Frustrated that your child won't follow the rules and hates school? Maybe she's an entrepreneur.
Parenting is really hard. Parenting a would-be entrepreneur is even harder. These young business-owners-in-the-making follow their own rules, often struggle in school, and approach tasks with an obsessive, almost addictive, quality.
Unfortunately, traditional education all but snuffs out the creativity and risk taking that are essential for starting businesses. Instead of fostering entrepreneurial traits in kids, most schools want to manage them at best, and suppress them at worst.
So if you want to groom your child to be an entrepreneur, it's up to you. Here are some ideas to consider:
Give them rules based on values, not behaviors.
The Dalai Lama says, "Learn and obey the rules very well, so you will know how to break them properly."
With entrepreneurial-minded kids--often the ones who love breaking rules--it may be tempting to wave the white flag and surrender to their incessant badgering and rebellion.
Don't do it.
Good rules are guideposts that help kids internalize core values. They point kids toward empathy, self-regulation, and dependability. Rules remind them that they're not the center of the universe and that their actions affect how they see themselves, as well as how others interact with them.
This is a great insight to have long before you become a CEO.
And unlike a school's ubiquitous rules designed for classroom management, your rules can be unique to your family and your values.
My 11-year-old is obsessed with Minecraft. So much that he wakes up in the middle of the night, sneaks my computer into his room, and plays until the wee hours of the morning. Now he wants to make videos of himself gaming and post to YouTube. I'm reassured that this behavior is actually quite normal for entrepreneurial-minded children.
Despite my concerns about his lack of sleep and sneaking around, I was recently told (by a computer programmer) that it takes a ton of courage to create content and put it on the Web. I should reward it, not punish it--and he's right.
So, my husband and I are trying to figure out ways he can safely live within one of our value-based rules to live a healthy life (which includes getting sleep), but also express the creativity that is so much a part of who he is.
This balance between enforcing rules and giving creative freedom requires some trial and error and fine-tuning--the likes of which are not possible in most schools. To empower your child to be the entrepreneur he or she can be, it's up to you to find the sweet spot for your specific child.
Focus on the As.
Too often parents get bent out of shape over the Ds and Fs that make their way to a child's report card.
Rather than spend precious energy moving the needle a tiny bit on the bad grades, spend your time focusing on their strengths--their good grades--where they are clearly succeeding.
Help them figure out what activities they love doing and help them find ways to do more of them.
And help them figure out what activities drain or bore them. Then make peace with them not doing the stuff they hate, or at the very least eking by with it.
Unless it is a mental health crisis, don't medicate your child. Ritalin might help them be good students, but is being a good student really the goal? Most entrepreneurs will tell you they hated school and didn't do well academically.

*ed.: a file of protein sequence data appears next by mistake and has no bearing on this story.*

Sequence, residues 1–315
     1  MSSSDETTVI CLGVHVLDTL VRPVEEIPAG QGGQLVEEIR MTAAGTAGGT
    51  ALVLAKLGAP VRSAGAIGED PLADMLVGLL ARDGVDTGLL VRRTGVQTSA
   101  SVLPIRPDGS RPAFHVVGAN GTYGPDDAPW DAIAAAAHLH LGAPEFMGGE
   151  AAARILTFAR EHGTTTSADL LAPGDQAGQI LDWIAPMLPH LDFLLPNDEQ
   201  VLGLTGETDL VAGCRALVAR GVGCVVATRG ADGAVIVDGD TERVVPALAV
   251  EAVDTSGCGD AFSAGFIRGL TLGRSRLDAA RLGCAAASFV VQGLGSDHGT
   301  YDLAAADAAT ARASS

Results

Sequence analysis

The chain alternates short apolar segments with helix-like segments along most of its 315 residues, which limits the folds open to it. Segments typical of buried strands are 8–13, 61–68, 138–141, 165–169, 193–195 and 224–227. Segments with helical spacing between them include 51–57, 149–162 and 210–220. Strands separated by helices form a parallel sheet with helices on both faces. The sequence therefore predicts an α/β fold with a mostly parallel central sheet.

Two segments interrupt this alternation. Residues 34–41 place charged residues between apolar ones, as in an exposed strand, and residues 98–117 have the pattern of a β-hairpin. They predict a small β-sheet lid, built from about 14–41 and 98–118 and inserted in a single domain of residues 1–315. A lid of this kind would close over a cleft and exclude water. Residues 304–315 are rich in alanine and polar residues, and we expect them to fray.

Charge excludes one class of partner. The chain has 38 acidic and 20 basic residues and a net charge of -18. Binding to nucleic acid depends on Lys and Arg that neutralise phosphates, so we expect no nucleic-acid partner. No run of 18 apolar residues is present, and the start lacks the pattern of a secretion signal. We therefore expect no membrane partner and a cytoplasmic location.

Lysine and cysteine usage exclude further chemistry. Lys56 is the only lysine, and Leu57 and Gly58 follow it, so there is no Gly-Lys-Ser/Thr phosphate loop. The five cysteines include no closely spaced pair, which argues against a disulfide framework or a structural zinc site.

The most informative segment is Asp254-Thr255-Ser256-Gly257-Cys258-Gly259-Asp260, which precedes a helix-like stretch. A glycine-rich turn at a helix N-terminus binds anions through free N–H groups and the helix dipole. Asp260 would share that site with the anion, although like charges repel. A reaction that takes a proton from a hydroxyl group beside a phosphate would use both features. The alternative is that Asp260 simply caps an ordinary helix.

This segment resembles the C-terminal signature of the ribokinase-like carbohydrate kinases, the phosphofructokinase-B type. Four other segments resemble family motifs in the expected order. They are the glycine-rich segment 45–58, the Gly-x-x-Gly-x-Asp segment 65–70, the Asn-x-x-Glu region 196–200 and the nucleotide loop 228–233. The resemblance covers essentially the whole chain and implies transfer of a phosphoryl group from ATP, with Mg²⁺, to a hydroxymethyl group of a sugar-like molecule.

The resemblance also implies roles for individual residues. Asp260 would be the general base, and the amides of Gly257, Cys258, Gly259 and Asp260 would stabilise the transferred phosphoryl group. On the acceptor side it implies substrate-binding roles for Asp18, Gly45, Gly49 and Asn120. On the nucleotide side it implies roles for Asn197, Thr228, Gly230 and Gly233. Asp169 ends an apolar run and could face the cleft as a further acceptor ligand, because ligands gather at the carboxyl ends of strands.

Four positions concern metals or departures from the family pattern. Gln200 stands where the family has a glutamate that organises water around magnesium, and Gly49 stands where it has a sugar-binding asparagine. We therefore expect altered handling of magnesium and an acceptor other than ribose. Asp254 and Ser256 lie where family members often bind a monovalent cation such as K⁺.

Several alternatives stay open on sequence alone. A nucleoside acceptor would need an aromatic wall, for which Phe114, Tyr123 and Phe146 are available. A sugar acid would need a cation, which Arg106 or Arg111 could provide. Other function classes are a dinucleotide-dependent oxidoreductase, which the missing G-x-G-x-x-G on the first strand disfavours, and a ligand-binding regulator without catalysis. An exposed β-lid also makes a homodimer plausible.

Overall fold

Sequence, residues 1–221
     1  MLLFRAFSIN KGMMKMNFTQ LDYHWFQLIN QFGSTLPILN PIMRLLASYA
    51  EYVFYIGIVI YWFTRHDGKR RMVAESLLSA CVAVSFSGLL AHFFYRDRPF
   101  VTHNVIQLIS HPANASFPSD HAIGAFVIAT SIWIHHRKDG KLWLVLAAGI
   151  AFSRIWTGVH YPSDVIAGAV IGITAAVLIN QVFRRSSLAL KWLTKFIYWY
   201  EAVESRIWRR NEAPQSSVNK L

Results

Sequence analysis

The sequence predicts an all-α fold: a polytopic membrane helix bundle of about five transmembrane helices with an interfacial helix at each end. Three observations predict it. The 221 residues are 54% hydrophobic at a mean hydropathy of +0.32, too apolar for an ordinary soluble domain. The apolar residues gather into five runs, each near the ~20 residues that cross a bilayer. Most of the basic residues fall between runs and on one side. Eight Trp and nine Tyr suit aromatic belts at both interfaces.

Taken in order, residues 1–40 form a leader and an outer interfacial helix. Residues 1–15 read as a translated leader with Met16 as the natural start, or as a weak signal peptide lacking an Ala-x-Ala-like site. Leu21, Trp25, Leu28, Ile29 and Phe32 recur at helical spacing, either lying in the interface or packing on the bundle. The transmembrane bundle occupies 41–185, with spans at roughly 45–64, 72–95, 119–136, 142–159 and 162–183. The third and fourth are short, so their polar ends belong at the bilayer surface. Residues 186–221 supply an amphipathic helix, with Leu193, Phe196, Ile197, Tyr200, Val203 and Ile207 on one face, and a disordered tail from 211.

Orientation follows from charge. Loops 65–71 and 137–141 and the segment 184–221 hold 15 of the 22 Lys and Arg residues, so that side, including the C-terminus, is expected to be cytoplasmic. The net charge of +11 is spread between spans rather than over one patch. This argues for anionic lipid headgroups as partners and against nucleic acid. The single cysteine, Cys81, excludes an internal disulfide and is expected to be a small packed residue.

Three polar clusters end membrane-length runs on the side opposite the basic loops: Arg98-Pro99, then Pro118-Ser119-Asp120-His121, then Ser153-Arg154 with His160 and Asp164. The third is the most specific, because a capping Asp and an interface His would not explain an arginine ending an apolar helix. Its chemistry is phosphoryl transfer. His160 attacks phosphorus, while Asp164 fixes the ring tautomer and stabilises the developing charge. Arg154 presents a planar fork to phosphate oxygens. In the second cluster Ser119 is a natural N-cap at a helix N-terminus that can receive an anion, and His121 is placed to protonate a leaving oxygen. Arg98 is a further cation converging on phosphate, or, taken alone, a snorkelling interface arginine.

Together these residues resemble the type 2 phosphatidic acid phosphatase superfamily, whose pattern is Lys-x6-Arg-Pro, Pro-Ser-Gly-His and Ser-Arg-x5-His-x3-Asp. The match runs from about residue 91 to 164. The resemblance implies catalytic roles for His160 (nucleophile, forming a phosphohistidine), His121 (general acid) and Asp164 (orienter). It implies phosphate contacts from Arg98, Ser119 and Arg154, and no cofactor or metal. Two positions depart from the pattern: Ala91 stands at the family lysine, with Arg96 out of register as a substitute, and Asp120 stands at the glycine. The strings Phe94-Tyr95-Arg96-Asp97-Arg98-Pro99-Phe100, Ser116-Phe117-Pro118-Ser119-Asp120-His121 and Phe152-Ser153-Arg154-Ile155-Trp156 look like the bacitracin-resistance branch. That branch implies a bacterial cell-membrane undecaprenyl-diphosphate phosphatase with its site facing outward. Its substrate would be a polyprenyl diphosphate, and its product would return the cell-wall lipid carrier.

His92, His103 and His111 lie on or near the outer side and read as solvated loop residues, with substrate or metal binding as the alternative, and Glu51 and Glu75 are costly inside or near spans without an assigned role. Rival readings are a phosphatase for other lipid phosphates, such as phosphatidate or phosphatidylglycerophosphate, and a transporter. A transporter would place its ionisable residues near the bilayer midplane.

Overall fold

Yes, children with attentional issues can be obnoxious and difficult to parent, but they are often the ones later in life who are creative geniuses and innovative masterminds. Don't snuff that out with medication.
Help them write their personal mission statement.
One activity I like to do with people, especially young people who are usually much more open to the process, involves writing a personal mission statement.
The method I use involves video clips and movie characters. We discuss which ones they're drawn to and which ones they're repelled by.
These inclinations usually reveal something deeper and if parents can get into a "listening state of mind," their children will reveal what they most desire in life.
This is powerful information because passion and intrinsic motivation are the rocket fuel for successful, meaningful work. If kids can discover the one thing in life they can't NOT do, they will succeed. Period.
Encourage them to do hard things.
Any entrepreneur will tell you that he or she lives and dies by their courage. They wake up every day afraid of something, and decide to show up anyway.
One of the biggest things you can do to groom an entrepreneur is to encourage them to do hard things--like really hard things--and make a conscious choice not to rescue them when they fail. This will be especially hard for helicopter parents who think they're job is to hover and protect.
It may not work. I might look stupid. I might lose interest. I can't do it. I'm not that smart.
These are all mental gremlins they'll have to face someday. Why not now while they have your guidance to help them? Why not help them learn early in life that failure, discomfort, confusion, and effort will not kill them?
So what if your child pushes boundaries? Maybe underneath all that rule-breaking, apathy, and OCD is a diamond-in-the-rough--a technological genius, a science wonder-child.
I'll check back in 10 years. I bet someone reading this is parenting one of them right now.
Dr. SHELLEY PREVOST is a mentor and early stage investor at Lamp Post Group--where she hacks into the psychological and emotional side of starting and running a business. She is also a co-founding partner of the JumpFund, an angel fund investing in female-led startups with high growth potential. Shelley also speaks and consults with companies on finding purpose, humanizing work, and growing leaders from the inside out. She blogs about her work at the Glad Lab. @shelleyprevost